B. Alabama's NPDES Permit Program

         In 1979, the EPA authorized the Alabama Department of Environmental Management ("ADEM") to administer Alabama's NPDES permit program. As required by 40 C.F.R. § 123.21(a)(4), the state and the EPA entered into a Memorandum of Agreement, which may be updated periodically. See § 123.24(c).

         Petitioners here are seven environmental groups: Cahaba Riverkeeper; Choctawhatchee Riverkeeper, Inc.; Friends of Hurricane Creek; Black Warrior Riverkeeper, Inc.; Sierra Club Alabama Chapter; Friends of the Locust Fork River; and Alabama Rivers Alliance (collectively, "Petitioners"). All seven are Alabama nonprofit, member corporations that advocate for the environmental protection of particular waters. On January 14, 2010, Alabama Riverkeepers Alliance and 13 other environmental groups, including Petitioners, petitioned the EPA to commence proceedings to withdraw Alabama's authority to administer the NPDES permit program. The groups cited 26 regulatory and statutory violations as grounds for withdrawal. Complying with the E PA's request, ADEM responded to the petition on April 13, 2010, addressing each of the 26 alleged violations in turn.

         On April 9, 2014, the EPA issued its interim response to the petitions, indicating that it would not commence withdrawal proceedings based on 20 of the 26 grounds but would defer a decision on the remaining six.[3]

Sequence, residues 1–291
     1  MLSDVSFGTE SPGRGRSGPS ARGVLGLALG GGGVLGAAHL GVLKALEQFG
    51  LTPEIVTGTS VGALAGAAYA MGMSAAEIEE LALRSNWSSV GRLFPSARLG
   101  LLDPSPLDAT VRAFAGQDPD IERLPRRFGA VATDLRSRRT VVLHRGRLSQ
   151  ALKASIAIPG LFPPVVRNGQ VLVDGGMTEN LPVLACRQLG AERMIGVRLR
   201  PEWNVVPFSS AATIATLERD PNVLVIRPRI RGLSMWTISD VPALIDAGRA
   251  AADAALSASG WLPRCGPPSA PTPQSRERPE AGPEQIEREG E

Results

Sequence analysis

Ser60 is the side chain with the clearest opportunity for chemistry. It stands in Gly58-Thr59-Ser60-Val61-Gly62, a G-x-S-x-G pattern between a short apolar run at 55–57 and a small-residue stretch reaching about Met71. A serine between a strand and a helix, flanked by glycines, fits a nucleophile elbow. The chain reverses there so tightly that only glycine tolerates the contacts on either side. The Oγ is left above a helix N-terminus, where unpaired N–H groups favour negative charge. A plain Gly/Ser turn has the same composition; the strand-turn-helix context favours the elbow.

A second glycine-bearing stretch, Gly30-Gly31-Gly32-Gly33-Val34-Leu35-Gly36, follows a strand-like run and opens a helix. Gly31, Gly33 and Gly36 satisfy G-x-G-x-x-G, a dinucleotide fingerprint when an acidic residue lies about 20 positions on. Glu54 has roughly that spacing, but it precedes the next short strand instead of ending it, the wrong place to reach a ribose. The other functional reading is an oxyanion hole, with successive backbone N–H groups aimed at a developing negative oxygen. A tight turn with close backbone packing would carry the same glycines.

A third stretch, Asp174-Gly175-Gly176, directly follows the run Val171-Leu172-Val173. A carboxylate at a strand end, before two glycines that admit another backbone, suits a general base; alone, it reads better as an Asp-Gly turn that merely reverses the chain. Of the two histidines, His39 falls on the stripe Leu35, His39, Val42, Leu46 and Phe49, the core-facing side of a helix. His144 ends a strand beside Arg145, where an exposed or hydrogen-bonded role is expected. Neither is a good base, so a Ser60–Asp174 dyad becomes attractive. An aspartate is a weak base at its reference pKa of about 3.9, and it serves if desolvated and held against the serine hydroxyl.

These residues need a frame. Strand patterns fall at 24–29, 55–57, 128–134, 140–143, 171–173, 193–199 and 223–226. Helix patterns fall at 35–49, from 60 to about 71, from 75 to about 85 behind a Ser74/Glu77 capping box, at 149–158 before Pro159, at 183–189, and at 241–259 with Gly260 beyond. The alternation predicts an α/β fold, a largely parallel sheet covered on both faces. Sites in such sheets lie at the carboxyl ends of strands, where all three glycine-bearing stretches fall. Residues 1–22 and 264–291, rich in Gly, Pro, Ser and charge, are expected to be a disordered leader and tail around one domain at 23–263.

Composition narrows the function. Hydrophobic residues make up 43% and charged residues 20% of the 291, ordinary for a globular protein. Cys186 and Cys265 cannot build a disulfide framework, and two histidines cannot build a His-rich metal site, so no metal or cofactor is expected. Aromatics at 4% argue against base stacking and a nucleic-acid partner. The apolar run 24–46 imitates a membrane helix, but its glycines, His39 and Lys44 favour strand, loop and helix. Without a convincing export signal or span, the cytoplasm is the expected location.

Petitioners appealed the interim response to this Court. Cahaba Riverkeeper v . EPA, 806 F.3d 1079 (11th Cir. 2015). The Court held that its statutorily-given jurisdiction to review "any determination" by the E P A regarding a state NPDES program was limited to final agency actions. Id. at 1084; see 33 U.S.C. § 1369(b)(1) (vesting jurisdiction in the Courts of Appeals to review the EPA's action "in making any determination as to a State permit program submitted under section 1342(b) of [Title 33] . . . ."). The Court dismissed the appeal without prejudice, noting that "[t]he organizations will . . . be able to appeal once the EPA resolves the outstanding matters and makes a definitive decision on the relief requested by the petitions." Cahaba Riverkeeper, 806 F.3d at 1084.

         On January 11, 2017, the EPA issued its final response to the petitions, affirming its previous refusal to commence withdrawal proceedings against Alabama. Petitioners now seek review of that final response. They argue that the E PA's refusal to commence withdrawal proceedings based on four specific statutory and regulatory grounds was arbitrary and capricious, an abuse of discretion, or contrary to law.

         II. JURISDICTION

         The Courts of Appeals have original jurisdiction to review the EPA's action "in making any determination as to a State [NPDES] program . . . ." 33 U.S.C. § 1369(b)(1); see Friends of the Everglades v. EPA, 699 F.3d 1280, 1285 (11th Cir. 2012). Before we can exercise that jurisdiction, we must ensure that the action before us is a "case" or "controversy" "of the justiciable sort referred to in Article III." Lujan v. Defenders of Wildlife, 504 U.S. 555, 560 (1992).